Article

Factors Affecting the Service Quality of the Tour Guiding Profession in Macau

International Journal of Tourism Research (Impact Factor: 1.02). 05/2010; 12(3):205-218. DOI: 10.1002/jtr.746

ABSTRACT

This study examines the factors affecting the service quality of the tour guiding profession in Macau. In-depth interviews were conducted with representatives from the Macau Tourist Guide Association, the Macau Government Tourist Office and selected practising tour guides to explore the issues from multiple insiders' perspectives. The factors identified were classified into six categories: unhealthy business practices, market domination, immaturity of tourist market, changing tourist behaviour, intense competition between inbound tour operators and human resource issues. The findings suggest that a number of these problems actually originated from the unhealthy business practices of the tourist-generating country, namely mainland China in this study. Considering the growing importance of the Chinese outbound tourism market, the study findings will be of significant value to Macau and to other destinations targeting the Chinese market.

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    • "In the case of Macao and other cities in East Asia, recent research demonstrates that the job of a tour guide usually includes the introduction and promotion of shopping and dining places (Mak et al., 2010; Tsaur & Wang, 2009). This is done for commercial motives, for any sales transacted will generate often lucrative commissions for tour guides and their travel agencies (Chang, Wang, Guo, Su, & Yen, 2007; Mak et al., 2010; Wang et al., 2000). "
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    ABSTRACT: This paper offers insights into the power-knowledge situations within tour guide training in Macao and queries the associated embedded capitalistic domination and utopian pressures. Drawing upon a tour guide trainer’s autoethnography, ethnography within the classroom, life and work history interviews with tour guides, and critical discourse analysis of key training materials, it is observed that tour guide training in Macao encouraged capital-induced normalization processes relating to categorising and moulding malleable workers for the dominant and dominating tourism industry. UNESCO-endorsed training materials and their projections of utopian visions are found to promote a new ‘breed’ of self-regulating specialist tour guides the authors termed, the homo turismos.
    Full-text · Article · Dec 2014
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    • "However, if local guides are not professional enough, they will deliver incorrect information and interpretation to tour members, and cause hassles for the tour leaders. Furthermore, tour leaders are most afraid of those local guides who force tour members to purchase products because they want to earn commission from tour members' purchases or from orders of optional tours (Mak et al., 2010). "
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    ABSTRACT: This study conducted in-depth interviews with 15 tour leaders to explore the hassles in tour leaders' personal lives and work. Through content analysis, the hassles of tour leaders were identified and were found consistent with previous literature, namely a three-fold classification of: hassles in guiding tours, hassles from tour companies, and hassles in personal lives. Hassles in guiding tours include the annoying behavior of tour members, troublesome employees of the suppliers, obstacles during the tour, perceptual differences between the tour leader and tour members, and bearing responsibilities for errors caused by others. Hassles from tour companies include unfulfilled duties of tour company staff, inconsistencies between tour features and tour leaders' styles, and the irrational regulations of tour companies. Hassles in personal lives include work–family conflicts, work-related diseases, low and unstable income, hardship in maintaining social relationships, and difficulties in utilizing leisure time properly. Implications for management and future research are discussed.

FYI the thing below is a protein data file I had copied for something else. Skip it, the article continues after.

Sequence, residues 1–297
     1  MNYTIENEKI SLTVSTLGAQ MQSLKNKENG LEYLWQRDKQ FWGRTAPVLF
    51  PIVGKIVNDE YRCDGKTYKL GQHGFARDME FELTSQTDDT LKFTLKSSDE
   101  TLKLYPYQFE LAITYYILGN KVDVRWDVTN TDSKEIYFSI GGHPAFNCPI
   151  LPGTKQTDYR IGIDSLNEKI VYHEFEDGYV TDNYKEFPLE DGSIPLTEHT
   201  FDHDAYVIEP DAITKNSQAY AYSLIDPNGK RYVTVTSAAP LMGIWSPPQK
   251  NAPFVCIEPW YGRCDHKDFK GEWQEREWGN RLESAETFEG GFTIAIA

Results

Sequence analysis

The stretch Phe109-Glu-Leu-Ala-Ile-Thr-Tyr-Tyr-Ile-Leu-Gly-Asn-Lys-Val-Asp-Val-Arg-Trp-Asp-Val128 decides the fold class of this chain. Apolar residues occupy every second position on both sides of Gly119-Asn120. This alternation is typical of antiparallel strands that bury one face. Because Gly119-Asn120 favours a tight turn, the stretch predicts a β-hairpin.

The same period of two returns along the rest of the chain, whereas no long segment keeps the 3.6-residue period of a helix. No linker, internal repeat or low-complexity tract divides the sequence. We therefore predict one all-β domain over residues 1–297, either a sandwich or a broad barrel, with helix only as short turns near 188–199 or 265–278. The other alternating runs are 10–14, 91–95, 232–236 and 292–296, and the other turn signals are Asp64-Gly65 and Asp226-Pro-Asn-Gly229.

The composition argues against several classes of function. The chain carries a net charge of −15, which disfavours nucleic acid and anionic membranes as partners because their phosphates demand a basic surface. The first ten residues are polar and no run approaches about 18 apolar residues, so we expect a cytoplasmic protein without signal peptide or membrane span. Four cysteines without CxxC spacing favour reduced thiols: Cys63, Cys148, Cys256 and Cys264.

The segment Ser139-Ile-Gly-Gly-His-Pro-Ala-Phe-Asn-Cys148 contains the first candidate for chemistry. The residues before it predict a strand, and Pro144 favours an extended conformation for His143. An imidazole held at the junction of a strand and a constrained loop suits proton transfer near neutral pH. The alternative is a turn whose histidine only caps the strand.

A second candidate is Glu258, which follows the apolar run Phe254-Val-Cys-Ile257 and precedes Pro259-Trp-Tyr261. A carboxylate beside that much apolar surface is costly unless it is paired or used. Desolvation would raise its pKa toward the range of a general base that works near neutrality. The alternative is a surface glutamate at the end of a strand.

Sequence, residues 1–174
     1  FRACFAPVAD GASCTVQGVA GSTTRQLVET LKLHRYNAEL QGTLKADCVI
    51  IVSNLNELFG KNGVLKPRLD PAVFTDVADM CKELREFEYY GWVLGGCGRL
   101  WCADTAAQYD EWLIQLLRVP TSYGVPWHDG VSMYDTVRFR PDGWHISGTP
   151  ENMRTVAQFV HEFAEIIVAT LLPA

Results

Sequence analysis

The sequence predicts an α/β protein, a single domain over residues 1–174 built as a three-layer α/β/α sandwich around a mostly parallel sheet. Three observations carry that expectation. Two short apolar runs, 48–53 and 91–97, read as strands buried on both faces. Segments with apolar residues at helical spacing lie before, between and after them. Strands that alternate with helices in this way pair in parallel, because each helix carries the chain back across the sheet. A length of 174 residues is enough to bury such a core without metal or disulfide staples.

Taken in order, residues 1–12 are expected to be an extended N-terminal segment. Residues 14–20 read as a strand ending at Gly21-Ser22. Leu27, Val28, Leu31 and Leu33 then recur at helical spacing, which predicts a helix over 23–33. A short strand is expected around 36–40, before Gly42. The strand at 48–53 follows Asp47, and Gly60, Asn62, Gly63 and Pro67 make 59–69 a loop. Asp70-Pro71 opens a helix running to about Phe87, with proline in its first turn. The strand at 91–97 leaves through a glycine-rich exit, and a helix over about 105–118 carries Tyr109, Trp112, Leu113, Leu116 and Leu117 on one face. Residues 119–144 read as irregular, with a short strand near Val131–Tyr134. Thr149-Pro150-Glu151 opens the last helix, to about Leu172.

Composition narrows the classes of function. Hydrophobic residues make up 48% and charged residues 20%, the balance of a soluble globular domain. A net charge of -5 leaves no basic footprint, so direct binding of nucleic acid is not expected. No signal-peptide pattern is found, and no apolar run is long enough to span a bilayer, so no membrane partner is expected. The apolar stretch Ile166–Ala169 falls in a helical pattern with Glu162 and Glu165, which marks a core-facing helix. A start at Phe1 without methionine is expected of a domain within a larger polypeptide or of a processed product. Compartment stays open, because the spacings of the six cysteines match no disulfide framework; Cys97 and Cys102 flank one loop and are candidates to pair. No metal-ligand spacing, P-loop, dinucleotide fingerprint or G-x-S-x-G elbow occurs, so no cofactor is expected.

Full-text · Article · Dec 2014 · Tourism Management
  • Source
    • "In the case of Macao and other cities in East Asia, recent research demonstrates that the job of a tour guide usually includes the introduction and promotion of shopping and dining places (Mak et al., 2010; Tsaur & Wang, 2009). This is done for commercial motives, for any sales transacted will generate often lucrative commissions for tour guides and their travel agencies (Chang, Wang, Guo, Su, & Yen, 2007; Mak et al., 2010; Wang et al., 2000). "
    [Show abstract] [Hide abstract]
    ABSTRACT: This paper offers insights into the power-knowledge situations within tour guide training in Macao and queries the associated embedded capitalistic domination and utopian pressures. Drawing upon a tour guide trainer’s autoethnography, ethnography within the classroom, life and work history interviews with tour guides, and critical discourse analysis of key training materials, it is observed that tour guide training in Macao encouraged capital-induced normalization processes relating to categorising and moulding malleable workers for the dominant and dominating tourism industry. UNESCO-endorsed training materials and their projections of utopian visions are found to promote a new ‘breed’ of self-regulating specialist tour guides the authors termed, the homo turismos.
    Full-text · Article · Sep 2014 · Annals of Tourism Research
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